Volume 17
Issue 2
Summer '19

Censorship and Sensibility: Does the First Amendment Allow the FDA to Change the Meanings of Words?

Written By: Justin Pearson

Abstract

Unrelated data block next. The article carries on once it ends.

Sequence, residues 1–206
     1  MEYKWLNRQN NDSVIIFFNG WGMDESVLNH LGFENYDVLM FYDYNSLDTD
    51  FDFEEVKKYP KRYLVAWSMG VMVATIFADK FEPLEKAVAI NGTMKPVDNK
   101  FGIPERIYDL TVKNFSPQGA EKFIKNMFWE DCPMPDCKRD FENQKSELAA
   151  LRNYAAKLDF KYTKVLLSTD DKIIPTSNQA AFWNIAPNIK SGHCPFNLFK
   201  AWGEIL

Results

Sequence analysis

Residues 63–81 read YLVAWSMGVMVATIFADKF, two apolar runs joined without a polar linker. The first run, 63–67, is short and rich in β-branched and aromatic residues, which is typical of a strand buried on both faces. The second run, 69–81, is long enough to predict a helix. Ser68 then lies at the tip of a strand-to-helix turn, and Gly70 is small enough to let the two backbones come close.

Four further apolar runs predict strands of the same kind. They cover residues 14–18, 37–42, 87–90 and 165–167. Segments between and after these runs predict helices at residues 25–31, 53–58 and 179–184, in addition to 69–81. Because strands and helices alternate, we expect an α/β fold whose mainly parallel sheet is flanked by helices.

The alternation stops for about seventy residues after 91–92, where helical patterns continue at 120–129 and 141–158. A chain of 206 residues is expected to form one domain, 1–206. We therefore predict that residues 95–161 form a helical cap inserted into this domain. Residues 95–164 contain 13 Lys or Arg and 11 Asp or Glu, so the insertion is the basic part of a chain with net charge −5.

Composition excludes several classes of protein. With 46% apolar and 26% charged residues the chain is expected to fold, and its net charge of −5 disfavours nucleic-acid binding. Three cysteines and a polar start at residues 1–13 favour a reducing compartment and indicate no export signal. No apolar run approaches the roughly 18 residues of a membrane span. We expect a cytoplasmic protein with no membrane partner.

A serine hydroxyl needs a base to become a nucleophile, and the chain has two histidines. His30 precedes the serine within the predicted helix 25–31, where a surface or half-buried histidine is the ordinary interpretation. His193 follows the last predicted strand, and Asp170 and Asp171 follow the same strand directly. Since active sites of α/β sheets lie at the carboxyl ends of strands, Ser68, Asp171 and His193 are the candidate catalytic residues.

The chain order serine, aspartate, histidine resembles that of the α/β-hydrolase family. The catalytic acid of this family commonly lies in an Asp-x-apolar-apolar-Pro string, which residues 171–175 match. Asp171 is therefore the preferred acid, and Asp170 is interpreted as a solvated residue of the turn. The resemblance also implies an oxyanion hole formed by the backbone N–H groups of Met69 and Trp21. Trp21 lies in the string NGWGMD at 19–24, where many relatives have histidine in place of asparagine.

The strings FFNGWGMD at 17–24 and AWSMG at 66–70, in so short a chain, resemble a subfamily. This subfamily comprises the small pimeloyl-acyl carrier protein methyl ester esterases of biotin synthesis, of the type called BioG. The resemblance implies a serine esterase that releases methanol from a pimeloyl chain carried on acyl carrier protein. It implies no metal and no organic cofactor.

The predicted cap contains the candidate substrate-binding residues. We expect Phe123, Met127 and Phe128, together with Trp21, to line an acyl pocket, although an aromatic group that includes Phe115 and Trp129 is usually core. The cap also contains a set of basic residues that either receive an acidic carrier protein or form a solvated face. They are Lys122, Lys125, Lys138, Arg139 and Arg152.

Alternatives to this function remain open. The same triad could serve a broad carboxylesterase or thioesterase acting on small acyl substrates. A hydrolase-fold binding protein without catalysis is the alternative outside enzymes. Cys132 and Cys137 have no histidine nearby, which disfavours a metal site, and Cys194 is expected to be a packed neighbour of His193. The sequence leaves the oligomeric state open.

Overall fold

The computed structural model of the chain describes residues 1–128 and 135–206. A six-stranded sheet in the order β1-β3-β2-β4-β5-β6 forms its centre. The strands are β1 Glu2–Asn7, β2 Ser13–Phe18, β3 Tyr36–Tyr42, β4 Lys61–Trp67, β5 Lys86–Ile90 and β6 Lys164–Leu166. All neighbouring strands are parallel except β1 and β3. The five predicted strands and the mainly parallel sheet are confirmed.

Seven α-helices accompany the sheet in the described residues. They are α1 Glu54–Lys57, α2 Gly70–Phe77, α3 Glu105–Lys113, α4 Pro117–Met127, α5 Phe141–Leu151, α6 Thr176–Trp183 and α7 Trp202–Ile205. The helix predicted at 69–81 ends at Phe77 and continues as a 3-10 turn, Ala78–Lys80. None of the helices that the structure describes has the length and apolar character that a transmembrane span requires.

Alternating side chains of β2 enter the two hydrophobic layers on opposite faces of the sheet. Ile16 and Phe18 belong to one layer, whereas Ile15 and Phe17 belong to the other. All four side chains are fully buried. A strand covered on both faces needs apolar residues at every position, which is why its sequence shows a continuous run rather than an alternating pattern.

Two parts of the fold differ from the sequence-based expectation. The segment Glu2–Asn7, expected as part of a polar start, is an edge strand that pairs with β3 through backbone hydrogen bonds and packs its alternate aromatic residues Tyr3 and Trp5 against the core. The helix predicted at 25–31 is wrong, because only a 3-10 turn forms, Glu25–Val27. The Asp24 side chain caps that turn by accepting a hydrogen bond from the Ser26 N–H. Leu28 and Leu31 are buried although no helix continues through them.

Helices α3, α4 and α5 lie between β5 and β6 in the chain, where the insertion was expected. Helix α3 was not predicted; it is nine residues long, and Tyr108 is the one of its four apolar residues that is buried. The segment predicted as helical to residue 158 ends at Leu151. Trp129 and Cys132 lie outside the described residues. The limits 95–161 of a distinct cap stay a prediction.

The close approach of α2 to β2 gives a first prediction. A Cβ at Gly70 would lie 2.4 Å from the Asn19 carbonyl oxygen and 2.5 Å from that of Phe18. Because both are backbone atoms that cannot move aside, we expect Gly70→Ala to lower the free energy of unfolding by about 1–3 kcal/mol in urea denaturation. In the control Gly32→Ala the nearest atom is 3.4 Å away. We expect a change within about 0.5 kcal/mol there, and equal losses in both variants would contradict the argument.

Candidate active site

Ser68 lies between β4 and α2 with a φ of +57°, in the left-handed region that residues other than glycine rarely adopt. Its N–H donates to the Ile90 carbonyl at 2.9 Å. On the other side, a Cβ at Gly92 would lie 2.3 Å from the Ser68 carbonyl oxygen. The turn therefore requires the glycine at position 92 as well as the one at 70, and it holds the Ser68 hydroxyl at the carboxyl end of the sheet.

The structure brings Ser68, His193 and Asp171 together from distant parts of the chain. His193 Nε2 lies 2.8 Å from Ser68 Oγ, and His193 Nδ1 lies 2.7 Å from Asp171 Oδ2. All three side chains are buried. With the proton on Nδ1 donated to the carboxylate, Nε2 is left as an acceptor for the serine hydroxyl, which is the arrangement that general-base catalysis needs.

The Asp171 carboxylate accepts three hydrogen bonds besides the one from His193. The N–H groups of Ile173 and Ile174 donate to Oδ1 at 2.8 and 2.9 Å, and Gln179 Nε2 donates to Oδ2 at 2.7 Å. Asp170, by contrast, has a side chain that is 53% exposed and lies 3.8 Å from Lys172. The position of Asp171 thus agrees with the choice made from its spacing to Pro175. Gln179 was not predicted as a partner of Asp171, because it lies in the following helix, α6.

The question of whether the Constitution allows the government to change the meanings of words is receiving renewed interest in the aftermath of the FDA’s announcement that it intends to examine whether it should begin enforcing milk “standard of identity” regulations. These restrict the use of the word “milk” to cow’s milk and thus ban almond milk and coconut milk from being labeled as almond milk and coconut milk. Even so, the government’s attempts to change our language stretch back a century. This article begins by discussing the relevant regulations before turning to the varying levels of First Amendment protection granted to commercial speech in general, and food labels in particular, throughout U.S. history. It concludes with an analysis of the likely results should the FDA follow through with these plans and face a First Amendment challenge in court, and the article finds that the proposed change in enforcement would likely violate the First Amendment.

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